Rhine-Alpine News

Port of Genoa: Contract for roadwork awarded

Photo: Port of Genoa

Genoa: In December 2019 the contract for the road works was awarded, as contained in the Extraordinary Program of urgent interventions for the recovery and development of the Port of Genoa. Its total cost is 128 million Euros.

The assignment went to RTI Pizzarotti & CSpA, which will design and carry out the road constructions: Several road segments, a car park, a bridge, as well as securing the Pionieri d’Italia viaduct and the static consolidation of Ponte dei Mille.

Read the news here (external link, Italian language).

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Another main bridge across the Rhine temporarily closed

Photo (Heidas/Wikimedia): Heuss-Brücke

Mainz/Wiesbaden: The “Heuss-Brücke”, linking the twin cities of Mainz and Wiesbaden across the Rhine, will be closed for maintenance until mid-February. The bridge, built in late 19th century, rebuilt after the last war, and thoroughly modernized in the early nineties, needs more repair.

The Heuss-Brücke has been closed for heavy trucks already in the nineties. However, it is the only connection between Mainz and Wiesbaden besides two Autobahn bridges. Its closure has no direct impact to long distance traffic, except by re-routed traffic that may add to congestion on the Autobahn routes. The main effect is on the local traffic between both cities. However, there will be a single lane open for taxies and buses, and the bridge will remain fully open for pedestrians and cyclists.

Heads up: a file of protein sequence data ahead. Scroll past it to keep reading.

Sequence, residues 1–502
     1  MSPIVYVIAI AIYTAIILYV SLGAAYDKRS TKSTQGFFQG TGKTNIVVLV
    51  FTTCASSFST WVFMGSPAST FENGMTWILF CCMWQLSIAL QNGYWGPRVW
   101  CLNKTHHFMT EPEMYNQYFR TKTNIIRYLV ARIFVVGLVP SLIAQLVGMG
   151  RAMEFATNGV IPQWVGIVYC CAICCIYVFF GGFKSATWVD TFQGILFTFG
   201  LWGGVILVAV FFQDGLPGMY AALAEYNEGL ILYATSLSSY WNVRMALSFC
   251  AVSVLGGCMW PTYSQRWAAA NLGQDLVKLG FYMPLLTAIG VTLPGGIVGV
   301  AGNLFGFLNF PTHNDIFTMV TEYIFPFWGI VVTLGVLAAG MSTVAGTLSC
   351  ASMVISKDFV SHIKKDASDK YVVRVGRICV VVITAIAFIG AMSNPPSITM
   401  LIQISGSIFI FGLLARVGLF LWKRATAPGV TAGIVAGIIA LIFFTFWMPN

Read more here (external link, German language).

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Corridor: Swiss transport industry demands extensions

Illustration: HUPAC

Switzerland: Swiss operator of combined transport HUPAC and other main actors in the Swiss transport sector have assessed the developments around the Rhine-Alpine corridor. They demand an international contract (“Staatsvertrag”) for increased capacity, including utilization of additional parallel routes:

“It is evident that there is an urgent need to create an alternative for the bottleneck in the north. Only the left bank of the Rhine via France can be considered as an efficient alternative route (flat track). It is ideal for the high-volume Belgium – Italy route. There is also a direct link with the corridor on the right bank of the Rhine, which serves to reduce risk. However, these routes do not yet correspond to the corridor parameters of the Swiss transit axis and therefore currently only carry a small volume of traffic.

In order to make better use of the capacities on these alternative routes for combined transport through Switzerland, the Zeebrugge/Antwerp – Strasbourg – Basel route and the Wörth – Lauterbourg – Strasbourg link must be upgraded to the parameters of 740m train length, 4m corner height, 2000 t with one locomotive, ETCS. This would also create a system in the north with two access routes and an alternative on the left bank of the Rhine.”

Read the whole statement (external link).